Now that the harvest is complete, and we look ahead to pruning it’s a fairly quiet time of year in the vineyard, which gives us time to reflect on the season just past.
One of the interesting moments of this year’s harvest was when we discovered a harlequin grape in the Pinot Gris. I have often seen a vine that has produced different coloured grapes on the same vine, and plenty of times even in the same bunch but this was the first time I’d seen different colours in the same berry!
Pinot Gris is a very close relative of Pinot Blanc having both being derived from Pinot Noir and often we see Pinot Gris fruit mutate back to Pinot Noir for a season and then the next year they are back to Pinot Gris. However, in this case, the cluster has both Pinot Gris and Pinot Noir characteristics. Upon looking closely we see one berry that is ¾ Pinot Noir and ¼ Pinot Gris.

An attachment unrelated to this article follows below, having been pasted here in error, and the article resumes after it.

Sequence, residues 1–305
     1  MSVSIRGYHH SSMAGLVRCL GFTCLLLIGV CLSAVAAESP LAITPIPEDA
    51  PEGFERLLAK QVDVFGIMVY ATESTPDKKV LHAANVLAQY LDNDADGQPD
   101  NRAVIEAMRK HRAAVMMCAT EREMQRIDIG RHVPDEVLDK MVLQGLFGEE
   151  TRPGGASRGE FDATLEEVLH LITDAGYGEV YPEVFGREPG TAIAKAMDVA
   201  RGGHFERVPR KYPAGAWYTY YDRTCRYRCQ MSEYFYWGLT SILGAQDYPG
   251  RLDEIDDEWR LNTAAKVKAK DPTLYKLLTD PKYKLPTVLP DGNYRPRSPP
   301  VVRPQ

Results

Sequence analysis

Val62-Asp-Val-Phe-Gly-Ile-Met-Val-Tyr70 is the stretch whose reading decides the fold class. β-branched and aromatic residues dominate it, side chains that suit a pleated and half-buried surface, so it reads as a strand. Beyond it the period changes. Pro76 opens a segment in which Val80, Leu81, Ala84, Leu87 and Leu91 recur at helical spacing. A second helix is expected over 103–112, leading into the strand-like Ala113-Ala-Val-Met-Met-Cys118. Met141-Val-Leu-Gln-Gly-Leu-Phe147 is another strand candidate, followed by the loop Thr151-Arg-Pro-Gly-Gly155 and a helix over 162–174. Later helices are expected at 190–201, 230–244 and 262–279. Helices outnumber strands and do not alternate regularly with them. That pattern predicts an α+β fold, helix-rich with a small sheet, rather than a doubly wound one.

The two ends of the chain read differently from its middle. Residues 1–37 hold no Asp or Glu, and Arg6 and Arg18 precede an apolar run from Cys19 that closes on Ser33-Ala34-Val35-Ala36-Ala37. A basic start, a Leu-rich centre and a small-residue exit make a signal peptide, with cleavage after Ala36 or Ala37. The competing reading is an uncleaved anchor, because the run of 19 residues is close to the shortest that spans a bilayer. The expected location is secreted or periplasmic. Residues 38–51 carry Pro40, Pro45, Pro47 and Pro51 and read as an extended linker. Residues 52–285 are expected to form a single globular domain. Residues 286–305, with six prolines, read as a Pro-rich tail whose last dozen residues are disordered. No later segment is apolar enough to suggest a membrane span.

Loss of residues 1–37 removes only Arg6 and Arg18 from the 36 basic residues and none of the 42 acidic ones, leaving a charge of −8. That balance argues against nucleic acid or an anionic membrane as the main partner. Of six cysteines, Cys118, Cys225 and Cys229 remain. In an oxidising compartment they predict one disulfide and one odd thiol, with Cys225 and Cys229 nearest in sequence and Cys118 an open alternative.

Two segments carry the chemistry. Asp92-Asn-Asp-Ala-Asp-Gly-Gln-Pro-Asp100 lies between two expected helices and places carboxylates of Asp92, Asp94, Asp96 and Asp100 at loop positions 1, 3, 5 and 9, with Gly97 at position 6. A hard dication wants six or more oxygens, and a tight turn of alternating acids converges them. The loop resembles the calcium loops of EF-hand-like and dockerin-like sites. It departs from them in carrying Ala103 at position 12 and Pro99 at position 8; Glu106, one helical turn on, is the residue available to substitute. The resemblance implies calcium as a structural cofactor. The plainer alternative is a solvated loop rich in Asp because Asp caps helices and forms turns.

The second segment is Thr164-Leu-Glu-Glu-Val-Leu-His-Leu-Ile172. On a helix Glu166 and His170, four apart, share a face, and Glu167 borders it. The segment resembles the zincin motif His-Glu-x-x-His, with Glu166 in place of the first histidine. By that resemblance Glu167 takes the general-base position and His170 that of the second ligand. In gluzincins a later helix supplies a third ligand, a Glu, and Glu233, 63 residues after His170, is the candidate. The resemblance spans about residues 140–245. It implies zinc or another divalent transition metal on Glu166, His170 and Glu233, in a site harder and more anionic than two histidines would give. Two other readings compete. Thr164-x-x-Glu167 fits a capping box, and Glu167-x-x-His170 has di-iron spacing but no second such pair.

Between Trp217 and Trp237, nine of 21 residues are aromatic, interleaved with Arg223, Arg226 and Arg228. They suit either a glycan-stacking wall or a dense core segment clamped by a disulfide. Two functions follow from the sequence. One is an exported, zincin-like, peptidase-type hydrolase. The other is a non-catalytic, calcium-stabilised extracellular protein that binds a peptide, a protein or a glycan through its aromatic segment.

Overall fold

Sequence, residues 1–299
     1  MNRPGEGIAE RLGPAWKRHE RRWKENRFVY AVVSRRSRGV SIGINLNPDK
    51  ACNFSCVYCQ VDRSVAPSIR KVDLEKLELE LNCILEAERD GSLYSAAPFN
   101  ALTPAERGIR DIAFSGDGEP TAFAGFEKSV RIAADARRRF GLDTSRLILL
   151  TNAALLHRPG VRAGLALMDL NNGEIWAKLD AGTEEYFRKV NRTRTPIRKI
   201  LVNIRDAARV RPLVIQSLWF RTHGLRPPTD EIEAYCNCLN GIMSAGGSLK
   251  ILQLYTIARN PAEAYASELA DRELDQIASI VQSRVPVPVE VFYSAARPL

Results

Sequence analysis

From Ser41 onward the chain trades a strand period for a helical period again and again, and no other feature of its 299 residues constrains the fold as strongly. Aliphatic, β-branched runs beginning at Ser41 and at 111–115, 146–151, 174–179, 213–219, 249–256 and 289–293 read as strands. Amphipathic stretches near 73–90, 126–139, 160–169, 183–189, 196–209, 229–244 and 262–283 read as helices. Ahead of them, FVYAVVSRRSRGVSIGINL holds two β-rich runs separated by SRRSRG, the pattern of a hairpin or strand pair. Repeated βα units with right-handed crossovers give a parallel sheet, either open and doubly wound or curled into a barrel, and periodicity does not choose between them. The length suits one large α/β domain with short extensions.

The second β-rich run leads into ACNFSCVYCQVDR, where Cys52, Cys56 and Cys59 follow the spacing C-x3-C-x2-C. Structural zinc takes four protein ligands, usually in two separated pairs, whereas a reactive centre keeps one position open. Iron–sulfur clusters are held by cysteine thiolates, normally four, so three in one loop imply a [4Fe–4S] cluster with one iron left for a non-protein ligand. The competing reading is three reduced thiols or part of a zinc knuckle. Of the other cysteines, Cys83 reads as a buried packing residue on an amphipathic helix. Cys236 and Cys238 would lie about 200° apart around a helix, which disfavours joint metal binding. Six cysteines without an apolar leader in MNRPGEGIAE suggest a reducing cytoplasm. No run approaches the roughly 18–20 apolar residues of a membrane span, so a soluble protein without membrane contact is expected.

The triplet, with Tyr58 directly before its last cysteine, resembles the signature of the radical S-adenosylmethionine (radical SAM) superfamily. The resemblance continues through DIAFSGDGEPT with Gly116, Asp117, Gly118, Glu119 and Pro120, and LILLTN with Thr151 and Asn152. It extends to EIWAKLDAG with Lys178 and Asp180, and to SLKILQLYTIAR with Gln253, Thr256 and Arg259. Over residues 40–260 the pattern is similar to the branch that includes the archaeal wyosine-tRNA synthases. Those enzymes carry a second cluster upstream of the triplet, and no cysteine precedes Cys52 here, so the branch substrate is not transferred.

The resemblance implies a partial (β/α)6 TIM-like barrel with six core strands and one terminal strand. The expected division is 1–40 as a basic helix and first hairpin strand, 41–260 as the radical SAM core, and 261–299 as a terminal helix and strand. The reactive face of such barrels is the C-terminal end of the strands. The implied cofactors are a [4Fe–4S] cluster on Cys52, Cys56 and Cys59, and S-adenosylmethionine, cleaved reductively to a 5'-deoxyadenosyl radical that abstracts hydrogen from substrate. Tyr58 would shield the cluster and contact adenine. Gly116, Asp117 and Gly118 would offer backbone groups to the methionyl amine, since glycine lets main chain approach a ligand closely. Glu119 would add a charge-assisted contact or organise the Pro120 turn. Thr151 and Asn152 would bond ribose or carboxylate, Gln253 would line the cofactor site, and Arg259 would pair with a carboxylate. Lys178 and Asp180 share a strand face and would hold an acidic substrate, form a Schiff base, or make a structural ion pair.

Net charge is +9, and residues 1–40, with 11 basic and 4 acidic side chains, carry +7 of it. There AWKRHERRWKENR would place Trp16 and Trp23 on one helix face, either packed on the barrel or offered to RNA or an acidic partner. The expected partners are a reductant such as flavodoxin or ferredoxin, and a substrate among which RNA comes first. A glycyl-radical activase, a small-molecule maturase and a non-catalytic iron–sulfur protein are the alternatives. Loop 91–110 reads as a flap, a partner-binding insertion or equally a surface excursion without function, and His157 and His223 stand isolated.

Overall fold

Now this isn’t a problem as all 3 varieties are genetically the same, they are just a different colour. It’s amazing to think that an Alsatian Pinot Blanc, Italian Pinot Grigio, and a Central Otago Pinot Noir all come from the same grape, genetically.
We have now started pruning the more difficult blocks and after Christmas we will need the help of more seasonal staff to help us prune the balance of the 250,000 vines at Rathfinny – so if you’re interested please drop me a line firstname.lastname@example.org